N. Korea resumes nuke test plans
- Published: 2/02/2013 at 05:53 PM
- Online news:
SEOUL - North Korea is showing signs of resuming work for a third nuclear test a week after it threatened to conduct one in response to strengthened United Nations sanctions.
Activities monitored at the Punggye-ri nuclear site, 370 kilometres northeast of Pyongyang, show the country is in the "final stages of preparation for a nuclear test" South Korea's Yonhap News reported, citing a Seoul government official.
Nort Korea conducted atomic tests in 2006 and 2009 at the site, and the entrance to one of the the testing ground's tunnels was covered, according to an earlier Yonhap report citing an unidentified intelligence source.
The signs of a possible test come as the international community increases pressure on North Korea to deter it from conducting another nuclear experiment.
The UN last month strengthened sanctions against the country, and the United States and South Korea will hold a naval exercise next week off the Korean peninsula, Yonhap News reported.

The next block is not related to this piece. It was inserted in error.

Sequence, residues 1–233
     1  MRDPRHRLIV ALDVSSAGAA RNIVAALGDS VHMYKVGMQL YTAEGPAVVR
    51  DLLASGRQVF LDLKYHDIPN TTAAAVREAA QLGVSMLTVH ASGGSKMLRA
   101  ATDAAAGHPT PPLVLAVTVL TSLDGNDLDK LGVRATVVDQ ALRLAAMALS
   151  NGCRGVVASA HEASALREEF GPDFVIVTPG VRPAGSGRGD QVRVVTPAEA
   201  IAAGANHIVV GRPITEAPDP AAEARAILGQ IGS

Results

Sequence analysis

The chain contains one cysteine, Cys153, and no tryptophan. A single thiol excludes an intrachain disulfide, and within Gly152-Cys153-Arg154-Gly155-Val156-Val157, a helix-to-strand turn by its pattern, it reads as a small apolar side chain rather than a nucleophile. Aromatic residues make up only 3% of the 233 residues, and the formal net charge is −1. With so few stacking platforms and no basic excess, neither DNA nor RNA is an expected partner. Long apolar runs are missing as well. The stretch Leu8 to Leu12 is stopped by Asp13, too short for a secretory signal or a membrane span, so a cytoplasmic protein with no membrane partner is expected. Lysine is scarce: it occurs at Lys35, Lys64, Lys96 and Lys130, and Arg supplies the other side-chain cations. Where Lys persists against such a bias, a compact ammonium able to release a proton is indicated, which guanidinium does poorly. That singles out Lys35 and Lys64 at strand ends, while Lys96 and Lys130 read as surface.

North Korea on Saturday accused the US of a double standard and said it would face the "toughest retaliation" for criticising North Korea's rfecent rocket launch while supporting one by South Korea, the foreign ministry said in a statement carried by the official Korean Central News Agency.
South Korea last week launched a rocket which put the country's first satellite into orbit.
The UN Security Council on Jan 22 tightened sanctions against North Korea after it launched a rocket last month. North Korea threatened to conduct a nuclear test "of higher level" in response, according to a statement carried by its Korea Central News Agency (KCNA) on Jan 24.
The US and South Korea will hold a naval exercise from Monday to Wednesday in waters east of the Korean peninsula, Yonhap reported on Saturday.
The UN agency that detects and reports on nuclear-weapon explosions said on Jan 29 that it was prepared for a test and could verify a successful North Korean atomic explosion the day it occurs, said Annika Thunborg, a spokeswoman for the Comprehensive Nuclear-Test-Ban Treaty Organization.
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